High-profile projects such as The O2 are also raising awareness of UK venues internationally and they are inevitably affecting the fortunes of existing venues, particularly large-scale peers such as Twickenham, which had absorbed some of the events made homeless by the closure of the old Wembley stadium. These venues are now suffering as these events return to their traditional homes and the ripple effect may also have an impact on smaller spaces. Now Wembley and The O2 have raised the bar of what clients can expect from venues, the pressure is on for venues of all sizes to innovate.
One criticism levelled at the UK events industry is that smaller venues have failed to keep pace with client demand. 'There is a severe deficit of good-calibre mid-sized venues with 4000 to 8000 capacity,' says Fred Porro, UK managing director of event agency Ignition, whose executive chairman Kevin Wall recently produced the Live Earth gigs. 'There are only a handful of this type of venue, which is rare for a market as big as the UK. Furthermore, out of all the mid-sized venues, I would rate only a few as top-notch, which makes things even more difficult.'
The need for more venues extends even further down the chain, according to Jack Morton Worldwide project director Paul Dawson. 'London also needs good-quality venues such as hotels that can accommodate 500 to 1000-plus delegates.'
This may be one reason why brands are becoming more daring in their choice of location; car parks, disused warehouses and parks have all played host to big brands looking to attain a certain kudos by straying from the norm.
Cameron Day, business development director at Iris Experience, which recently handled Sony Ericsson's collaboration with Orange at a 'Best of Festivals' event at Camden Lock in London, believes existing venues have to work harder to stay afloat. 'The reason that venues die in the UK is because they are poorly managed,' he says. 'But if the venue is efficient, it will ensure that brands keep coming back.'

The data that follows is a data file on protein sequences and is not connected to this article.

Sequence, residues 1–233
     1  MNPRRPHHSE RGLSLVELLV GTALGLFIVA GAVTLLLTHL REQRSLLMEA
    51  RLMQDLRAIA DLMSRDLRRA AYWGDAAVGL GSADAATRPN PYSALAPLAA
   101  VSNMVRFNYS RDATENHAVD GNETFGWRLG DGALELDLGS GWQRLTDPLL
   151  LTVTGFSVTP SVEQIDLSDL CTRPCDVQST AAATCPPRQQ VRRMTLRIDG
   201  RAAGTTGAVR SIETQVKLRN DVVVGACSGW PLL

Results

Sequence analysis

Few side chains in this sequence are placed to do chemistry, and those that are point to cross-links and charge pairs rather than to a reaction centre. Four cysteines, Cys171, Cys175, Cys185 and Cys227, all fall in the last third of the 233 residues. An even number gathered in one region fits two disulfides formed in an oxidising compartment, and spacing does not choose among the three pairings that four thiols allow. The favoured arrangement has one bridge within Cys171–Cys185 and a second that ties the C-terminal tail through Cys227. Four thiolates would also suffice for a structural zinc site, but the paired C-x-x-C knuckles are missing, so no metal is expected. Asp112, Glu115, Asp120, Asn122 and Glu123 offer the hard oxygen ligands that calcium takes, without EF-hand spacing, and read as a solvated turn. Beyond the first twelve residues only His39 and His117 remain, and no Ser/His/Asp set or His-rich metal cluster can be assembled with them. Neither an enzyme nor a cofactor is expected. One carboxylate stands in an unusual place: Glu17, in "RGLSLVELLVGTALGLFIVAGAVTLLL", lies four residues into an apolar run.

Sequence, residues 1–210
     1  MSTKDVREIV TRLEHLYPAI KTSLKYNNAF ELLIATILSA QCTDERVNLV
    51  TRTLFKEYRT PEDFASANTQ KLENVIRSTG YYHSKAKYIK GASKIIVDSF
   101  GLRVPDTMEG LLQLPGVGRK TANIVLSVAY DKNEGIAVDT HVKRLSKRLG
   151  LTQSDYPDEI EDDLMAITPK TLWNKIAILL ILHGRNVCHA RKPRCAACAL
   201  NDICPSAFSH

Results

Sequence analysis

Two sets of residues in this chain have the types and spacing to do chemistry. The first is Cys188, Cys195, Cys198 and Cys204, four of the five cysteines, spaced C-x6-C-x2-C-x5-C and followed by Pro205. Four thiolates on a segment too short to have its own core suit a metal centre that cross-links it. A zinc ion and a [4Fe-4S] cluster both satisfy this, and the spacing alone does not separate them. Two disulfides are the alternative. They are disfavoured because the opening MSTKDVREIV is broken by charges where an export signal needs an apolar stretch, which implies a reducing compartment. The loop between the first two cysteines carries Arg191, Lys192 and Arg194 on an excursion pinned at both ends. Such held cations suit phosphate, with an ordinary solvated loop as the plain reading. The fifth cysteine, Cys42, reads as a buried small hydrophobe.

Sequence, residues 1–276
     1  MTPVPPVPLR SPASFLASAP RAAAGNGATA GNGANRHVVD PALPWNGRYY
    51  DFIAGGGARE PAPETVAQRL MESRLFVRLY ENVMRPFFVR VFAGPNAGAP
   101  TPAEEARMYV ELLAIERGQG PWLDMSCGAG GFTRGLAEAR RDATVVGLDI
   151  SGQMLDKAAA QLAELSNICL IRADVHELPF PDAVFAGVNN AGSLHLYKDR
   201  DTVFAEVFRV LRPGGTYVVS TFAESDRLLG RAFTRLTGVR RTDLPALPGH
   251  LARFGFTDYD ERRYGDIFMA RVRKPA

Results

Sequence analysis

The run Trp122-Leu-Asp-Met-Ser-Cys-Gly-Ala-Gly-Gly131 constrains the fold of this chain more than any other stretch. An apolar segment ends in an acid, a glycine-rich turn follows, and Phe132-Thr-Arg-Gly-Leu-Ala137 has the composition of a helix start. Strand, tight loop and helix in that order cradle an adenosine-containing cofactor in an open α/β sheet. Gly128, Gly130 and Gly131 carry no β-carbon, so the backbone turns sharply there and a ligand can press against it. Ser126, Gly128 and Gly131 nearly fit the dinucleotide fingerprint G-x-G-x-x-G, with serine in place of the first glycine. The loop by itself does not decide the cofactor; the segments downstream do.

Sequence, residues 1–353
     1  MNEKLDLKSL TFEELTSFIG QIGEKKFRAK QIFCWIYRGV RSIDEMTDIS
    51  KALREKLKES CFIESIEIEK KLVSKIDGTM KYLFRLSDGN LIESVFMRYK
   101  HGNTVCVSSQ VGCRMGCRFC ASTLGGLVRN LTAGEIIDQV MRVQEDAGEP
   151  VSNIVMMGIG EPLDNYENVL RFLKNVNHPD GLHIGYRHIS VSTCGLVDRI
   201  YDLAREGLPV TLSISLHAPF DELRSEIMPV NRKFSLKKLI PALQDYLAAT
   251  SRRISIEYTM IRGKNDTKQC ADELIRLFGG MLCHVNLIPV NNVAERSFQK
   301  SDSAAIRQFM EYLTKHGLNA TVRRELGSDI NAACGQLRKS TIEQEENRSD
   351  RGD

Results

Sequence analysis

Porro, meanwhile, argues that venues must stay fresh and offer unusual alternatives for brands if they are to remain competitive. 'Venues won't be affected as much if they have heritage. However, innovation can have a huge impact if it is just another "typical" venue,' he says. 'Event spaces are similar to artists in that they need to keep reinventing themselves if they want to continue to be successful. Unfortunately, many venues do not do this and end up getting lost in the clutter.'
Clients, then, should be looking for venues willing to invest in a clear point of difference. For example, central London venue The Brewery, which has recently hosted events for Orange and Euromoney, underwent a £1.5m refurbishment last year that introduced a permanent LED lighting system across its space. The purpose was to give it a unique selling point and gain advantage over similar-sized competitors.
According to the venue's general manager, Claire Lawson, the investment is paying dividends. 'The lighting system makes it easier for production managers to come and simply plug in their kit and ensures the turnaround time is much quicker. It also allows us to "wash" the room in a brand's corporate colours,' she says. 'It has been a phenomenal success in converting business that we may not otherwise have won because it appeals both to the corporate organiser and production firms.'